After the War for Independence was won, the Americans set about to secure their revolution. The states began to draft their constitutions and the confederation of the states sought to draft a constitution for its purposes. By 1787, one thing had become clear. Popular government was not simply good government. The state governments, had in many instances, proved tyrannical. The national authority under the Articles of Confederation had proved inept. The period between 1776 and 1787 had shown many Americans that they did not yet possess that "knowledge of the means" by which the happiness of the people could best be secured.

By the time the Federal Convention came together in Philadelphia in May 1787, however, there was a collection of men who had thought through the causes of their present difficulties. They were convinced that the mechanics of republican government could be adjusted in order to defend against charges that it was "inconsistent with the order of society." What was at issue was the very question of the moral basis of the republican form: Could a republic be saved from its own excesses? A sufficient number of Americans believed it could. And they set about to do just that.

The new science of politics, Hamilton confidently argued, provided the "powerful means by which the excellencies of republican government may be retained and its imperfections lessened or avoided."

Now one of the basic problems of the old political order was what many began to see as an unhealthy reliance on the virtue of the people. In many ways, the earlier republicans in America, those historian Pauline Maier has dubbed the "Old Revolutionaries," had created their constitutions in light of their belief that somehow the Americans were a new breed of man, self-reliant, commonsensical and, above all, civically virtuous. They had thought themselves uniquely capable of continuing self-denial and unfaltering devotion to the public good. As a result, the constitutional order they had created depended to a great degree on "Spartan habits" and "Roman patriotism." By the mid-1780s it was clear to many that to love the public and to sacrifice personally for it was proving more easily said than done. Americans, too, it seemed, were corruptible. And this unhappy fact called into question the old assumption that Americans were somehow blessed with exceptional character.

Hamilton's perspicacious collaborator, Madison, was even more succinct. "If the impulse and opportunity be suffered to coincide," he wrote in the famous tenth Federalist Paper, "we well know that neither moral nor religious motives can be relied on as an adequate controul." In what is arguably one of the most famous passages in American political writing, Madison laid the theoretical foundation for the Framers' "novel experiment" in popular government. Reflecting on the institutional contrivances of the new Constitution, Madison, in The Federalist, No. 51 neatly captured his new theory of republican government. His theory, at its deepest level, relied on a certain understanding of human nature. Thus, he wrote, "What is government itself but the greatest of all reflections on human nature? If men were angels, no government would be necessary. If angels were to govern men, neither external nor internal controuls would be necessary." However, he concluded, "In framing a government which is to be administered by men over men, the great difficulty lies in this; you must first enable the government to controul the governed; and in the next place, oblige it to controul itself." According to Madison the purpose of the Constitution's mechanics—separation of powers, bicameralism, representation, and so forth—was to hedge against an all too predictable human nature. The object was to offset "the defect of better motives." Good intentions were to be replaced by good institutions.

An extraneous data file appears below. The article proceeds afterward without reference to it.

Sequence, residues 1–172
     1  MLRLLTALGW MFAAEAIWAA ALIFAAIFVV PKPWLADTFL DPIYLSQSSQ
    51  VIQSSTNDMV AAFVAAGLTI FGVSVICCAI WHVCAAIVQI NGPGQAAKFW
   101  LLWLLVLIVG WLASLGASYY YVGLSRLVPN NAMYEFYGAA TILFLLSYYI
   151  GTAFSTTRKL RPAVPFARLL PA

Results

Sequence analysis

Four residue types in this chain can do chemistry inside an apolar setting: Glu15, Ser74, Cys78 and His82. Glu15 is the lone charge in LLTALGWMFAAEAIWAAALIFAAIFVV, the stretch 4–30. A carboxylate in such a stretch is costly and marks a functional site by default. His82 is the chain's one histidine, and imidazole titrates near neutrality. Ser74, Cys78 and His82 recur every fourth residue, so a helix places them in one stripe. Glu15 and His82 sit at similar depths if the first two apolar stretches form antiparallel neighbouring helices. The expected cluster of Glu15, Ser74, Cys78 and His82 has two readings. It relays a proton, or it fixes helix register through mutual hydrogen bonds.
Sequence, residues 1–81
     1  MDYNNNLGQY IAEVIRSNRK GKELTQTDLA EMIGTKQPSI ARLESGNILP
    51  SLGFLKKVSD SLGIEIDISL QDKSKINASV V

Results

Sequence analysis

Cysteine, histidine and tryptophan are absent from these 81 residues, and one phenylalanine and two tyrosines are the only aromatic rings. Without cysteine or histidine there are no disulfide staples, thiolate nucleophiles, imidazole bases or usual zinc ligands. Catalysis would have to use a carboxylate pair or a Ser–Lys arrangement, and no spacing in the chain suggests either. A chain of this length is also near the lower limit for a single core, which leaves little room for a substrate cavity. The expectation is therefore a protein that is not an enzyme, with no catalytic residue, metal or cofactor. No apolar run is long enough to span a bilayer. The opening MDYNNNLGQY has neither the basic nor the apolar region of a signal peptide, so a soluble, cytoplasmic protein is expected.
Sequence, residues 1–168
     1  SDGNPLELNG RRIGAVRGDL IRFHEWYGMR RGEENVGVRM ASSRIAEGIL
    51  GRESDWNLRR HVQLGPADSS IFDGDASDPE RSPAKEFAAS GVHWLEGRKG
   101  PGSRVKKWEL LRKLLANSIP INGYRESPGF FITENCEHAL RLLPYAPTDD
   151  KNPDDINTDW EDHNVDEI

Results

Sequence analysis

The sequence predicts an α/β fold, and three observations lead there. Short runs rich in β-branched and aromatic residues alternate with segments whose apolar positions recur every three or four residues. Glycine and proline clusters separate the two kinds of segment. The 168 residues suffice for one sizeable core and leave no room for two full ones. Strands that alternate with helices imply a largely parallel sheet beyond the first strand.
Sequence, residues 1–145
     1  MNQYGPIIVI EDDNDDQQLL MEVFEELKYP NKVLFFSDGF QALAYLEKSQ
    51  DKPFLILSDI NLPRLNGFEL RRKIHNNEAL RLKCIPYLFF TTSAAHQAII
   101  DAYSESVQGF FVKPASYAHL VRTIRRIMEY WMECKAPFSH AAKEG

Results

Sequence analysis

To many, the most shocking feature of the Framers' new science of politics was its bold and nearly unqualified reliance on the power of commerce to make civil society orderly. This was a truly radical step. Commerce, you see, had long been thought to be the primary cause of corruption of the manners and the morals of free people. And private vice, the prevailing belief held, could never produce public virtue.

We take commerce so much for granted that this idea is puzzling to our generation. But to many of the founding generation, commerce produced greed and venality—it brought forth, as its critics said, the worst impulses of mankind. One Anti-Federalist critic of the proposed Constitution summed it up by arguing that such a reliance on commerce would encourage an "excessive fondness for riches and luxury" that would, if left untempered, and unchecked by a concern for public virtue, "totally subvert the government and erect a system of aristocratical or monarchaic tyranny," thereby losing "perhaps forever" the liberties of the people.

The new science of politics of the Constitution was as bold as those Founders who pushed the hardest for it. They were, as one historian has described them, young men of a continental vision. This was the time of Madison and Hamilton and Morris; the day of Adams and Franklin and Lee was quickly passing. They saw more in America than just America. They saw in the founding a great example for all the world. And they believed that commerce was an essential part of this vision.